The words “Florida winter” may seem like a bit of an oxymoron. It is true that the state does not experience winter like the rest of the country. That is especially true for those of us who live in the Tampa and Sarasota area. While South Florida winters have the potential for cold days, we do not have snow, and freezing temperatures rarely last for more than a few days.
Still, we do experience a change of seasons. Temperatures are markedly cooler, overnight frosts are common, and our tropical plants can suffer real distress. Because most homeowners have lawns comprised of warm-weather grasses, even short spells of cold can shock the property. In order to ensure that your grass outlasts this short season, we offer this guide to Florida winter lawn care.
The Basics of Winter Lawn Care
In addition to lower temperatures, your grass also needs to withstand fewer hours of sunlight and less intensive light in general. These conditions will result in a slower growing lawn.
This fact might tempt you to fertilize your lawn during the winter months, but that is not advisable. The slow growth of your grass actually protects it in cooler weather; forcing it to grow at this time could make it too cold-sensitive and open to additional stress. (Lawn care experts debate the latest you should fertilize your lawn in Florida, but most agree that in this region, October is best. November is the absolute latest. If you miss this application, your grass should be able to weather the climate until the spring application.)
Overseeding Your Lawn
The best way to ensure that your lawn will look green and healthy all winter is over-seeding your warm weather grasses with rye.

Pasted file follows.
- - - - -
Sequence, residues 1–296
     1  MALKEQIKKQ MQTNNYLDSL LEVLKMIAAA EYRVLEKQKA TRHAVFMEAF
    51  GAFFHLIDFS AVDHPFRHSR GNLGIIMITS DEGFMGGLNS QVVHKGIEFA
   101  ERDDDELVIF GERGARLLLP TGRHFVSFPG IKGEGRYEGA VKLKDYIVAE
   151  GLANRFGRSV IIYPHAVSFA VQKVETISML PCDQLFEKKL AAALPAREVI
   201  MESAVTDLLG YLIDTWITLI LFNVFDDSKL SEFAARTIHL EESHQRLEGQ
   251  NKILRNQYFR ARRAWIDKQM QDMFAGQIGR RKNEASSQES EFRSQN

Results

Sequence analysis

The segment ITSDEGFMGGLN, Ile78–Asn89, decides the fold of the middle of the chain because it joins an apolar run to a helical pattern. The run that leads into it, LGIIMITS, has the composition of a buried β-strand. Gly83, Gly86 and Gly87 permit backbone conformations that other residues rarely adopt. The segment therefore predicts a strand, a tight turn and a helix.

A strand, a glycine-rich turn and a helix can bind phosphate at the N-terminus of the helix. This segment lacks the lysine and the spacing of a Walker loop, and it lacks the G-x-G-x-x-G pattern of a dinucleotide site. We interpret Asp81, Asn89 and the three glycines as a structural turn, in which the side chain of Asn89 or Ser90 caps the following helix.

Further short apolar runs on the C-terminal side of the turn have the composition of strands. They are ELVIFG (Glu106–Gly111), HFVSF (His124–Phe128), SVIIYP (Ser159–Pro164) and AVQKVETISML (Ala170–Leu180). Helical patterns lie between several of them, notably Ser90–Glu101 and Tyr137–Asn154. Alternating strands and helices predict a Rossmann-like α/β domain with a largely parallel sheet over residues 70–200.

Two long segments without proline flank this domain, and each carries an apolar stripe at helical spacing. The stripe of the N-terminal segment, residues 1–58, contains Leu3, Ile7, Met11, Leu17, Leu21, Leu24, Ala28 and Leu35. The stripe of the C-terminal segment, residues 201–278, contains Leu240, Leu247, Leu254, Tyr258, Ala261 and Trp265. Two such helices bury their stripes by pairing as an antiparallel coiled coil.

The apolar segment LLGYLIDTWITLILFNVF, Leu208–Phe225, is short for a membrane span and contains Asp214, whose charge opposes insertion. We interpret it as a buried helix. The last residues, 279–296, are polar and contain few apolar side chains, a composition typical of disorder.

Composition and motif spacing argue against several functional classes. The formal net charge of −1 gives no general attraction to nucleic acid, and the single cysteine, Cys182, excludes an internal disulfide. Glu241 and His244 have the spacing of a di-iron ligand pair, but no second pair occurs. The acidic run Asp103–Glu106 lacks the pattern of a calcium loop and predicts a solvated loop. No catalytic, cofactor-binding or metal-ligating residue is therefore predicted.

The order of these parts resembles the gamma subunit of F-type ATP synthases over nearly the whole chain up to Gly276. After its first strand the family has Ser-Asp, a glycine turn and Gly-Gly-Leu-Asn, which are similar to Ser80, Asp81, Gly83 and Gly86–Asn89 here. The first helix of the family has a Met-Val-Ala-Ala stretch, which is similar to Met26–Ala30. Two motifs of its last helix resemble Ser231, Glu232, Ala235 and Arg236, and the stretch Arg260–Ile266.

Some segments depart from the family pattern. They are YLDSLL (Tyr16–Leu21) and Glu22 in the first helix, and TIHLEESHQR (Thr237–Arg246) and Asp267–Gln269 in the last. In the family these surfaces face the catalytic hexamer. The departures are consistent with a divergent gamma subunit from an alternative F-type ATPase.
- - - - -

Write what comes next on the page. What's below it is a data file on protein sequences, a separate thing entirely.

Over-seeding involves planting a temporary grass to fill in any sparse or thinning areas of your lawn.
Ryegrass is a popular choice for overseeding because it is affordable and fast-growing. In this area, once daytime temperatures fall below the mid-70s, it is time for rye seeding. In order to effectively over-seed, first rake your yard to remove all loose debris, then mow your lawn.
Sow the rye grass seed, and water it frequently until it has germinated. Although this is potentially drought season in south Florida, it should still be early enough in the season to not have any water restrictions to contend with. Once the winter lawn is flourishing, you can continue to water and mow as needed. The rye grass will die off on its own as temperatures rise in the spring. By that time, however, your warm-weather grass should be rebounding nicely.
Watering a Florida Winter Lawn
During our winter months, your lawn still needs sufficient water and nutrients. Both are necessary to ensure that your lawn can endure colder conditions and return lush and green in the spring.
The need to water does not change, but how often you need to water does. During the blazing heat of summer, your lawn typically requires watering twice a week, which may be supplemented with daily rainstorms. In the winter, however, water doesn’t evaporate as quickly, so watering once a week should be sufficient. Remember that as these months are generally dry, your irrigation system will be necessary.
Your grass will inform you when it requires water. Signs of distress include changing color- usually from green to a bluish-gray color – as well as folded blades of grass
If you need rye grass, fertilizer, sod or seed – Big Earth Landscape Supply is your local South Florida expert. To keep your lawn looking green all winter long, trust the professionals.